Spelling tests: A brief look at wiccaphilia and witches’ sexuality

“For years I have had a real fetish for witches – I believe its called wiccaphillia – or something like that! My wife indulges my interest and she has sixteen sexy witch outfits!” (from the Sexy Witch website)

There are various websites that list hundreds of different types of sexual paraphilias. Many of these paraphilias are simply the names of specific phobias with the suffix ‘-phobia’ replaced by the suffix ‘-philia’. Examples of this include: agoraphobia and agoraphilia (fear of the outdoors; sexual arousal from the outdoors), cremnophobia and cremnophilia (fear of steep cliffs and precipices; sexual arousal from steep cliffs and precipices), and kynophobia and kynophilia (fear of getting rabies; sexual arousal from getting rabies). Another sexual paraphilia that often appears in these lists (such as the one at the Sensual Swingers website) is wiccaphilia (sexual arousal from witches and witchcraft) that I assumed was just based on the opposite phobia (wiccaphobia – fear of withes) and didn’t really exist (especially as it doesn’t appear in either Dr. Anil Aggrawal’s Forensic and Medico-legal Aspects of Sexual Crimes and Unusual Sexual Practices or Dr. Brenda Love’s Encyclopedia of Unusual Sex Practices. Furthermore, there is not a single reference to wiccaphilia in any academic article or book that I am aware of.

I obviously tried to look up wiccaphilia on (…ahem) Wikipedia but there was surprisingly nothing. The Wikipedia entry on ‘wicca’ noted that wicca is a modern pagan religion (developed here in England in the first half of the twentieth century) concerning witchcraft, drawing on a diverse set of ancient pagan rituals. In relation to sexual behaviour, the article noted:

“A central aspect of Wicca…often sensationalised by the media is the traditional practice of working in the nude, also known as skyclad. This practice seemingly derives from a line in Aradia, Charles Leland’s supposed record of Italian witchcraft. Other traditions wear robes with cords tied around the waist or even normal street clothes. In certain traditions, ritualized sex magic is performed in the form of the Great Rite, whereby a High Priest and High Priestess invoke the God and Goddess to possess them before performing sexual intercourse to raise magical energy for use in spellwork. In nearly all cases it is instead performed ‘in token’, thereby merely symbolically, using the athame to symbolise the penis and the chalice to symbolise the womb”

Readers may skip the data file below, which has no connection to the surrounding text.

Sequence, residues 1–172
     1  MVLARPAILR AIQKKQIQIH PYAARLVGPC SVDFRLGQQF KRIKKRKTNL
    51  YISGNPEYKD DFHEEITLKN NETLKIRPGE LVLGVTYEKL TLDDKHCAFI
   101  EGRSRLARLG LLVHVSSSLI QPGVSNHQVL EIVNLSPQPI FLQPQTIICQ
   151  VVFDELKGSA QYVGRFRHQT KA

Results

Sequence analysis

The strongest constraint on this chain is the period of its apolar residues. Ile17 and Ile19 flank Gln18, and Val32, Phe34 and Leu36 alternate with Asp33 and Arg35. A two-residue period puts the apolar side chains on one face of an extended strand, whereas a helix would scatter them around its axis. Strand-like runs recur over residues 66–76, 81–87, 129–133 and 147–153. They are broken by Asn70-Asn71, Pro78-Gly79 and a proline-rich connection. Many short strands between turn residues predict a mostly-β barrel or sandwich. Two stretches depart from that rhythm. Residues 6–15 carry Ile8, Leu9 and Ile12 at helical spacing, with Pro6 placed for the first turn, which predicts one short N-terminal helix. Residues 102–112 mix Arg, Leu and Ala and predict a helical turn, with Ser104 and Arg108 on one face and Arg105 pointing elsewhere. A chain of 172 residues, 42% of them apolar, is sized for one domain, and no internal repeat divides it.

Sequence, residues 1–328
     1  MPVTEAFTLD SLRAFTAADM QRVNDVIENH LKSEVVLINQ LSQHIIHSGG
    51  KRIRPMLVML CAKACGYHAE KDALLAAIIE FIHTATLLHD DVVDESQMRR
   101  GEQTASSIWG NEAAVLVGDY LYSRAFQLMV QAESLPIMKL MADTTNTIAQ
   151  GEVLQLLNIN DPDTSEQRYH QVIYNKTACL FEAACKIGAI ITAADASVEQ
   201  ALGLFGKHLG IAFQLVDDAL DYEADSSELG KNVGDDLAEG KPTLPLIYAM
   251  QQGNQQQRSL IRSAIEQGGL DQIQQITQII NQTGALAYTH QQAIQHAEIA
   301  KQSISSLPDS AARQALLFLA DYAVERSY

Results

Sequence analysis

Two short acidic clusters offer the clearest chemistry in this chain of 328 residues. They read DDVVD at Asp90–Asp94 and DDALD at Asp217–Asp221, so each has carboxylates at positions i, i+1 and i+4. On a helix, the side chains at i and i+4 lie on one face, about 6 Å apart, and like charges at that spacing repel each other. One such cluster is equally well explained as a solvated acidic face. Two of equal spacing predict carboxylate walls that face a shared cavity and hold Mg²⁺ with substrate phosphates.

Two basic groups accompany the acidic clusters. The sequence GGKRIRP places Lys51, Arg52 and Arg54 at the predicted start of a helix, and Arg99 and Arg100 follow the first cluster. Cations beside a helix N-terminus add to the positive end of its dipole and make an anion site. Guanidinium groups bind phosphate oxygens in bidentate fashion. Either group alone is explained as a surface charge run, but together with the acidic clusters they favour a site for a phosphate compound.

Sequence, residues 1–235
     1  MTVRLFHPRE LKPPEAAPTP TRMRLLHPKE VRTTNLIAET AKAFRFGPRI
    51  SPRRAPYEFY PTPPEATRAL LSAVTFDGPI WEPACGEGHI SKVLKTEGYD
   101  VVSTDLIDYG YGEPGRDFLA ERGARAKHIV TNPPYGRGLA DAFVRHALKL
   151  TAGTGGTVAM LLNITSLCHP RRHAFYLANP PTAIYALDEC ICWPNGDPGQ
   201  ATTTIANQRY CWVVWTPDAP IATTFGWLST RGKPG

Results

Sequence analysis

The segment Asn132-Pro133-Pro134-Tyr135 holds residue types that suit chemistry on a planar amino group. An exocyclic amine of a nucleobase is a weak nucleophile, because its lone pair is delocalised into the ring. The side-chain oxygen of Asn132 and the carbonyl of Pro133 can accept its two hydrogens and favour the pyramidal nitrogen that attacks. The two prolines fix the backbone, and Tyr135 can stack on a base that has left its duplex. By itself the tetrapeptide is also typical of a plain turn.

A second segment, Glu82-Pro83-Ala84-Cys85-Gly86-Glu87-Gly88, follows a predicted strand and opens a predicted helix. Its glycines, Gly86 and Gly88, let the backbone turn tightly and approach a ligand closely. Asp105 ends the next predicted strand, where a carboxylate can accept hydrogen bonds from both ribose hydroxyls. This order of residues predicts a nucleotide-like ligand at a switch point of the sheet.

In the course of my research for this article, I came across lots of references to witches’ sexuality but these were light-hearted and non-academic including photographic sites of the 25 sexiest witches, artistic sites of the sexiest witch pin-ups (i.e., drawings and paintings rather than photographs), the sexiest witches seen in the movies, articles on having sex with witches and ‘wiccan sex’, and articles on the application of make-up for sexy witches. There is also the Sex. Fetish, Witch, Artphotograph website run by a woman who claims: I’m a 50+ year old average everyday woman who still likes ‘Sex’, is a ‘Fetishist’, identifies strongly with my natural ‘Witch’ instincts and gets off on ‘Art’. I see myself as a type of Carnal Muse”. All of these sites make the assumption that witches are female but one thing that surprised me when researching this blog was an article in The Frisky online magazine that noted male witches are not called warlocks but are also witches. The article claims that the term ‘warlock’ actually refers to an oath breaker, or someone who was banished from a witches’ coven.

Professor Walter Stephens published a 2002 book entitled Demon Lovers: Witchcraft, Sex, and the Crisis of Belief where he describes alleged sex between witches and demons, and the mechanics of their lovemaking (and also confirmed that some witches were male). Dale Keiger interviewed Stephens for the John Hopkins Magazine where it was noted that:

“Before 1400, tales of sex with demons existed but were almost always accounts of rape; in the 15th century, the sex becomes consensual, and more. Accused witches speak not just of sex, but of good sex, the kind that brought them back for more and seduced them into forswearing God and agreeing to do the Devil’s bidding. Not only women were seduced by demons; men, too, were lured into sex with beings who turned out to be something other than just willing village girls. (Scholars estimate that 20 percent of the people accused of witchcraft during this time were male.)”